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Battle of Roundway Down 1643

List Entry Summary

This battlefield is registered within the Register of Historic Battlefields by English Heritage for its special historic interest.

Name: Battle of Roundway Down 1643

List entry Number: 1000030

Location

ROUNDWAY DOWN

The battlefield may lie within the boundary of more than one authority.

County:

District: Wiltshire

District Type: Unitary Authority

Parish: Bishops Cannings

County:

District: Wiltshire

District Type: Unitary Authority

Parish: Bromham

County:

District: Wiltshire

District Type: Unitary Authority

Parish: Heddington

County:

District: Wiltshire

District Type: Unitary Authority

Parish: Roundway

County:

District: Wiltshire

District Type: Unitary Authority

Parish: Rowde

National Park: Not applicable to this List entry.

Grade: Not Applicable to this List Entry

Date first registered: 06-Jun-1995

Date of most recent amendment: Not applicable to this List entry.

Legacy System Information

The contents of this record have been generated from a legacy data system.

Legacy System: Battlefields

UID: 31

Asset Groupings

This list entry does not comprise part of an Asset Grouping. Asset Groupings are not part of the official record but are added later for information.

List entry Description

Summary of Battlefield

Legacy Record - This information may be included in the List Entry Details.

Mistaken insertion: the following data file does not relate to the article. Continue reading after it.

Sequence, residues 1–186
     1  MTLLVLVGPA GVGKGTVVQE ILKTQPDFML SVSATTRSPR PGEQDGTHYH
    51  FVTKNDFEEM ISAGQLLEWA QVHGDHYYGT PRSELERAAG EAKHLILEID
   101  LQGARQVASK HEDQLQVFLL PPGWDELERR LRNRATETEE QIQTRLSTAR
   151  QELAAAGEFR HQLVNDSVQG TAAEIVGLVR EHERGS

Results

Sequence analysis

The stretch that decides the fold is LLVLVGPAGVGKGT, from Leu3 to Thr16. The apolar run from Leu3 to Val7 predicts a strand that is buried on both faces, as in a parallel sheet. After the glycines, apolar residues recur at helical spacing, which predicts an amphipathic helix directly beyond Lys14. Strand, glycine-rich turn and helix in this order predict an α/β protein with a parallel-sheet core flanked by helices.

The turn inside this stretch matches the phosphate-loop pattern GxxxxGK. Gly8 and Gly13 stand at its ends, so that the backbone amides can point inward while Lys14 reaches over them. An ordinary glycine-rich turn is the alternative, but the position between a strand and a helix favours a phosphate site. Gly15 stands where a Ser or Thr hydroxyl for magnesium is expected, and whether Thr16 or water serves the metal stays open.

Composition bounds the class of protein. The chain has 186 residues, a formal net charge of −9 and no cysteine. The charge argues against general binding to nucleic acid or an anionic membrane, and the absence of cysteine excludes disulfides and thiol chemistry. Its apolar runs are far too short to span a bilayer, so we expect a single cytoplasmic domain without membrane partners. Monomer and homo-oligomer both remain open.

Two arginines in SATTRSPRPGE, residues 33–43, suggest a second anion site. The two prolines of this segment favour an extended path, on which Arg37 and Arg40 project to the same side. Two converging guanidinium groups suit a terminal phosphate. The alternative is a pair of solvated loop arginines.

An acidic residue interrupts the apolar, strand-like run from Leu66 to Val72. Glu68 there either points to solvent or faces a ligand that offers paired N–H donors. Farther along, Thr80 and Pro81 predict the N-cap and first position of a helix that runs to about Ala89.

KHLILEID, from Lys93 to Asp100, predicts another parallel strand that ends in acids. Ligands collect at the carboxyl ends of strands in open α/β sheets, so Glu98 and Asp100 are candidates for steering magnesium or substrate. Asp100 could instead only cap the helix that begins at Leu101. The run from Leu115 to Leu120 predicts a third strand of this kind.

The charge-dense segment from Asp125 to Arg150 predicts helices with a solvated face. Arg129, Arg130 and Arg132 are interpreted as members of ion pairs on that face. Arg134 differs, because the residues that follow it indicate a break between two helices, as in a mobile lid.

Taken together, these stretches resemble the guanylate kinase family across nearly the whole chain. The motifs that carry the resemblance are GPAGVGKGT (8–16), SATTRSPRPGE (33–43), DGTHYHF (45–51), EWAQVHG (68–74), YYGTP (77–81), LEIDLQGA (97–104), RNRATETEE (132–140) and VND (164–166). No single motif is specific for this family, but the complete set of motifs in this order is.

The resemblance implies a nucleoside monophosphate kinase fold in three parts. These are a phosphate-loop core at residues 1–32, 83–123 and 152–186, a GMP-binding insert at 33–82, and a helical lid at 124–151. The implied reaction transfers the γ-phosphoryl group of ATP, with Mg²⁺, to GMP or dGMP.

Reasons for Designation

Legacy Record - This information may be included in the List Entry Details.

History

Legacy Record - This information may be included in the List Entry Details.

Details

BATTLE OF ROUNDWAY DOWN 1643



The Civil Wars of the mid seventeenth century were a reflection of profound political, constitutional, religious and social conflict which was expressed in a struggle for control between King and Parliament.

The Royalists needed to secure the West before they could turn their attention to the real target, London. After the indecisive Battle of Lansdown, the demoralised Royalist army was pursued by a reinforced Parliamentary army from Bath. Following a short siege of Devizes, the Parliamentarians had to withdraw to Roundway Hill to face Royalist mounted reinforcements from Oxford who were drawn up on Roughridge Hill.

Despite being heavily outnumbered, the Royalist cavalry succeeded in defeating the better-balanced Parliamentary forces, pursuing many over the very steep slope near Oliver's Castle where horses and men fell helter-skelter into Bloody Ditch.

The opportunity presented by the Royalist victory to secure the West could have made Roundway Down one of the most decisive battle of the first war, but Gloucester held out and the opportunity passed.

The landscape of the battle was one of sheep pasture and arable open fields, making ideal ground for cavalry. The characteristic straight-sided fields were not created until 1794.

AMENITY FEATURES Access to Roundway down is good. There is a picnic site at Oliver's Castle and a network of public footpaths with good views of the battlefield. The landscape has many features of archaeological and natural heritage interest.

OTHER DESIGNATIONS The whole battlefield lies within the North Wessex Downs area of Outstanding Natural Beauty, and is part included in an area of High Ecological Value. The battlefield is an Area of High Archaeological Potential. Kings Play Hill and Roundway Down are Sites of Special Scientific Interest.

KEY SOURCES Bulkley, S, 1643, Sir John Byron's relation to the Secretary of the last western action between the Lord Wilmot and Sir William Waller Chadwyck Healey, C E H (ed.), 1902, Bellum Civile

Selected Sources

Websites
English Heritage, 1995, Battlefield Report: Roundway Down 1643, accessed 11-JUN-2015 from https://content.HistoricEngland.org.uk/content/docs/battlefields/roundway.pdf

National Grid Reference: SU 02041 64779

Map

Map
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End of official listing